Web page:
Kangaroos form an important niche in the tree of life, but until now their DNA had never been sequenced. In an article newly published in BioMed Central's open access journal Genome Biology, an international consortium of researchers present the first kangaroo genome sequence - that of the tammar wallaby species - and find hidden in their data the gene that may well be responsible for the kangaroo's characteristic hop.
"The tammar wallaby sequencing project has provided us with many possibilities for understanding how marsupials are so different to us," says Prof Marilyn Renfree of The University of Melbourne. Renfree was one of the lead researchers on the project, which was conducted by an international consortium of scientists from Australia, USA, Japan, England and Germany.
Tammar wallabies have many intriguing biological characteristics. For example, the 12 month gestation includes an 11 month period of suspended animation in the womb. At birth, the young weigh only half a gram, and spend 9 months in the mother's pouch, where the newborn babies reside for protection. Researchers hope that the genome sequence will offer clues as to how tammar wallaby genes regulate these fascinating features of kangaroo life.
In addition to zeroing in on the "hop" genes, other exciting discoveries from the genome include the 1,500 smell detector genes responsible for the tammar wallaby's excellent sense of smell, and genes that make antibiotics in the mother's milk in order to protect kangaroo newborns from E. coli and other harmful bacteria. As Prof Renfree explains, lessons to be learned from the tammar wallaby genome "may well be helpful in producing future treatments for human disease."
The first kangaroo genome is a key milestone in the study of mammalian evolution. As the ancestors of kangaroos separated from other mammals at least 130 million years ago, it is hoped that the DNA sequence is in some senses a living fossil of the early mammalian species from which humans evolved. To understand this evolutionary journey better, the genome sequence is complemented by the "transcriptome" sequence, which represents a catalogue of how strongly each gene is turned "on" or "off" at different stages of the tammar life cycle and in different parts of the body. Study of the transcriptome will allow many more interesting questions to be asked about how kangaroo genes compare to their counterparts in humans.
The Genome Biology article is accompanied by a series of articles in the journals BMC Genomics, EvoDevo, BMC Immunology, BMC Molecular Biology, BMC Genetics, BMC Developmental Biology and BMC Evolutionary Biology, which collectively examine some of the most appealing biological stories arising from the genome sequence.
The tammar wallaby is only the third marsupial, and only the second Australian marsupial (after the Tasmanian devil), to have its genome sequenced. As the kangaroo is an icon of Australia, whose image appears on its coat of arms, currency and national airline symbol, the publication of its genome sequence in Genome Biology stands as a landmark day in Australian science.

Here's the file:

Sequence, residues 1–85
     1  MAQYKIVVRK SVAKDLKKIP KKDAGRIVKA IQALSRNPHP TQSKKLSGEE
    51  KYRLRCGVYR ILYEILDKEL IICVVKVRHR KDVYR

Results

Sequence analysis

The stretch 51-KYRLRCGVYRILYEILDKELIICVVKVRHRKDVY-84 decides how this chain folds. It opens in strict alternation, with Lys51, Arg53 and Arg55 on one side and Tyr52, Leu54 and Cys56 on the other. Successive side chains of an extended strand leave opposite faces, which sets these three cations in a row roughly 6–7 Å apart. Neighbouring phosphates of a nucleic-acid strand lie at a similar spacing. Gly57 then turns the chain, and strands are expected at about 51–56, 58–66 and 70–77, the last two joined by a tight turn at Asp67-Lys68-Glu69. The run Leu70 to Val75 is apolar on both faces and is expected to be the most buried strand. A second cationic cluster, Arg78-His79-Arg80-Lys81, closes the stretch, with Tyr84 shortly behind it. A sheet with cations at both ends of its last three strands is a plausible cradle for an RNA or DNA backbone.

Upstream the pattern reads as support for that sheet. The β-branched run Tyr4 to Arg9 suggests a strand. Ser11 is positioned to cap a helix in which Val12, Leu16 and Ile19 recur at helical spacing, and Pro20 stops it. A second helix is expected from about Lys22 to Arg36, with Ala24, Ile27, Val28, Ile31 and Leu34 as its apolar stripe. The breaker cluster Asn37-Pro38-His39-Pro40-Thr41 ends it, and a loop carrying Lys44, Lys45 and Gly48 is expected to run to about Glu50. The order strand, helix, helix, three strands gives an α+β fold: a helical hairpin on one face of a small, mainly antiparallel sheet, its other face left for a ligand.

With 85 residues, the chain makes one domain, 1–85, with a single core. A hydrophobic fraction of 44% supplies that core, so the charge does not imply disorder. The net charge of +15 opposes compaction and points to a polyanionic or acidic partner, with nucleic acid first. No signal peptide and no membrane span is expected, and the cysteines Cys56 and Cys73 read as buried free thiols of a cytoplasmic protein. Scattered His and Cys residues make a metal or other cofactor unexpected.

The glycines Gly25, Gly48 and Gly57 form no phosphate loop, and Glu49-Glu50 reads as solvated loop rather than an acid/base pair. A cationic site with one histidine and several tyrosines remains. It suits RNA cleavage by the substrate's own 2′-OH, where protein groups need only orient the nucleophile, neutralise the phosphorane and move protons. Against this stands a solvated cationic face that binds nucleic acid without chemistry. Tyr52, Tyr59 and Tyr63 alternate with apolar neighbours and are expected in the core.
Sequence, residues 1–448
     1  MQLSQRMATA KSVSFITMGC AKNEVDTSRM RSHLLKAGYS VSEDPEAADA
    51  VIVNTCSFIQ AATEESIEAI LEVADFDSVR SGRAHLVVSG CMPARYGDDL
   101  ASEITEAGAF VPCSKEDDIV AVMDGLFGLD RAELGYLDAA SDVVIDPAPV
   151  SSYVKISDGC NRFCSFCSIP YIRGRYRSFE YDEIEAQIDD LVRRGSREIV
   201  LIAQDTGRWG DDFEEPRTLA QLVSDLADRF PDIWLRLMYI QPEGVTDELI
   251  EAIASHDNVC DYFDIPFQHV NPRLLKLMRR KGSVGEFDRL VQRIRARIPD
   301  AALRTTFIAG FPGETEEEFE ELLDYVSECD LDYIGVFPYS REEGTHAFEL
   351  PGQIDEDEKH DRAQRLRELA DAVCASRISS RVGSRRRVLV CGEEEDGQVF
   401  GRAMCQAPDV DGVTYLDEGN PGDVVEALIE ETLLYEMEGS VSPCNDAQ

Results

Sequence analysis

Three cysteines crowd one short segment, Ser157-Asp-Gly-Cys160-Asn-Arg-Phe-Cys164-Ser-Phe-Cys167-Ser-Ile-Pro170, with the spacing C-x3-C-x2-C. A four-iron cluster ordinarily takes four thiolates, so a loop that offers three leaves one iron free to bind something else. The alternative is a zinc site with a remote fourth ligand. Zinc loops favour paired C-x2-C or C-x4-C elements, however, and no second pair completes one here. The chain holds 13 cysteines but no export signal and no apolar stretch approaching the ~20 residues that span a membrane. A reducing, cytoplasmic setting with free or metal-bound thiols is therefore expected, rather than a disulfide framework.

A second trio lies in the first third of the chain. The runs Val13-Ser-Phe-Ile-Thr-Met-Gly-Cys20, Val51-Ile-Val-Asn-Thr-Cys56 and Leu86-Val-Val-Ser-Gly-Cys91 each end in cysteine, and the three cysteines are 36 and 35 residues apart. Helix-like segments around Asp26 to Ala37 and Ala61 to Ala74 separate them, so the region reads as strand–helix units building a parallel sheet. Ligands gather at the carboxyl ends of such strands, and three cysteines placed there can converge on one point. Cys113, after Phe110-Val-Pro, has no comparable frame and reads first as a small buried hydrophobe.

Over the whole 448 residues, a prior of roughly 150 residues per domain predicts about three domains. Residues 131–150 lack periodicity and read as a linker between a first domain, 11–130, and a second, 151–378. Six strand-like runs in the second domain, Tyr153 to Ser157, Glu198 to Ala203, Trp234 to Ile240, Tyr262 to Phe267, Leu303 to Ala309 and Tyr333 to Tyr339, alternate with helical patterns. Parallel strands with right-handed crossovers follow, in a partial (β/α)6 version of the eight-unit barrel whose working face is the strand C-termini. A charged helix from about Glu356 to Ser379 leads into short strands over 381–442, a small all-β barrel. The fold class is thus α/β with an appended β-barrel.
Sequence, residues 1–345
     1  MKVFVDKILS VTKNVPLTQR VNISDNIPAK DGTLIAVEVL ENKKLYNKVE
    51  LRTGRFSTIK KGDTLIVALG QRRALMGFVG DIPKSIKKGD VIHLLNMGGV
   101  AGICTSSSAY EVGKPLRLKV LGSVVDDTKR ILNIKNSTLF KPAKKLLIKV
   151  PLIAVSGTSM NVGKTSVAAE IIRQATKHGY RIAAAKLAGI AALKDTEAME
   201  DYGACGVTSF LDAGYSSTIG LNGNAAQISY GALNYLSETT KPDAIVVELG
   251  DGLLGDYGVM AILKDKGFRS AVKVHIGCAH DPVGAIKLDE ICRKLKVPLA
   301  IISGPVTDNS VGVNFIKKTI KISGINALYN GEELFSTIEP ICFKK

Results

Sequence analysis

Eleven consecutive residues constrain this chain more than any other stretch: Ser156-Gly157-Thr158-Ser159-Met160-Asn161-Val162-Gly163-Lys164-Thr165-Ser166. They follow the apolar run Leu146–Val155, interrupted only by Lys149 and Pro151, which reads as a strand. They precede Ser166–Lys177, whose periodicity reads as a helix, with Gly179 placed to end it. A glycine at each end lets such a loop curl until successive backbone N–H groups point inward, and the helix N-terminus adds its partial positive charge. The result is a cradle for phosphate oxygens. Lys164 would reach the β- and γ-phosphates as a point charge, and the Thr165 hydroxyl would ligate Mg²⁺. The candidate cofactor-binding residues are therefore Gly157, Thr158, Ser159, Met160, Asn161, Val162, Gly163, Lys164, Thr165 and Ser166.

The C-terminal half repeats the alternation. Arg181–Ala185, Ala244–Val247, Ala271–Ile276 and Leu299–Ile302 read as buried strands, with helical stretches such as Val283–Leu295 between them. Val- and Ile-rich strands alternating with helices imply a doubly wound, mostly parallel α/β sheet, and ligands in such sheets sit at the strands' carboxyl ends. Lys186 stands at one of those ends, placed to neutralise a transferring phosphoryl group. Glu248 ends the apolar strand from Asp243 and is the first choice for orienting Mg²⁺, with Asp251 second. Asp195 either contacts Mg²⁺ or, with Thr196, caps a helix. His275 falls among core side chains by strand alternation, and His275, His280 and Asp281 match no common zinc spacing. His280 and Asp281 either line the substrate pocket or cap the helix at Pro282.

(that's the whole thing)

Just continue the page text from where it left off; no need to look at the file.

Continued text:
Dr Hilary Glover
Scientific Press Officer, BioMed Central
Tel: +44 (0) 20 3192 2370
Notes to Editors
1. Genome sequence of an Australian kangaroo, Macropus eugenii, provides insight into the evolution of mammalian reproduction and development
Marilyn B Renfree, Anthony T Papenfuss, Janine E Deakin, James Lindsay, Thomas Heider, Katherine Belov, Willem Rens, Paul D Waters, Elizabeth A Pharo, Geoff Shaw, Emily SW Wong, Christophe M Lefèvre, Kevin R Nicholas, Yoko Kuroki, Matthew J Wakefield, Kyall R Zenger, Chenwei Wang, Malcolm Ferguson-Smith, Frank W Nicholas, Danielle Hickford, Hongshi Yu, Kirsty R Short, Hannah V Siddle, Stephen R Frankenberg, Keng Yih Chew, Brandon R Menzies, Jessica M Stringer, Shunsuke Suzuki, Timothy A Hore, Margaret L Delbridge, Amir Mohammadi, Nanette Y Schneider, Yanqiu Hu, William O'Hara, Shafagh Al Nadaf, Chen Wu, Zhi-Ping Feng, Benjamin G Cocks, Jianghui Wang, Paul Flicek, Stephen MJ Searle, Susan Fairley, Kathryn Beal, Javier Herrero, Dawn M Carone, Yutaka Suzuki, Sumio Sagano, Atushi Toyoda, Yoshiyuki Sakaki, Shinji Kondo, Yuichiro Nishida, Shoji Tatsumoto, Ion Mandiou, Arthur Hsu, Kaighin A McColl, Benjamin Landsell, George Weinstock, Elizabeth Kuczek, Annette McGrath, Peter Wilson, Artem Men, Mehlika Hazar-Rethinam, Allison Hall, John Davies, David Wood, Sarah Williams, Yogi Sundaravadanam, Donna M Muzny, Shalini N Jhangiani, Lora R Lewis, Margaret B Morgan, Geoffrey O Okwuonu, San Juana Ruiz, Jireh Santibanez, Lynne Nazareth, Andrew Cree, Gerald Fowler, Christie L Kovar, Huyen H Dinh, Vandita Joshi, Chyn Jing, Fremiet Lara, Rebecca Thornton, Lei Chen, Jixin Deng, Yue Liu, Joshua Y Shen, Xing-Zhi Song, Janette Edson, Carmen Troon, Daniel Thomas, Amber Stephens, Laneksha Yapa, Tanya Levchenko, Richard A Gibbs, Desmond W Cooper, Terence P Speed, Asao Fujiyama, Jennifer AM Graves, Rachel J O'Neill, Andrew J Pask, Susan M Forrest and Kim C Worley
Genome Biology (in press)
Please name the journal in any story you write. If you are writing for the web, please link to the article. All articles are available free of charge, according to BioMed Central's open access policy.
Article citation and URL available on request at email@example.com on the day of publication.
2. Genome Biology is an Open Access, peer reviewed journal that publishes research articles, new methods and software tools, in addition to reviews and opinions, from the full spectrum of biology, including molecular, cellular, organism or population biology studied from a genomic perspective, as well as sequence analysis, bioinformatics, proteomics, comparative biology and evolution.
3. BioMed Central (http://www.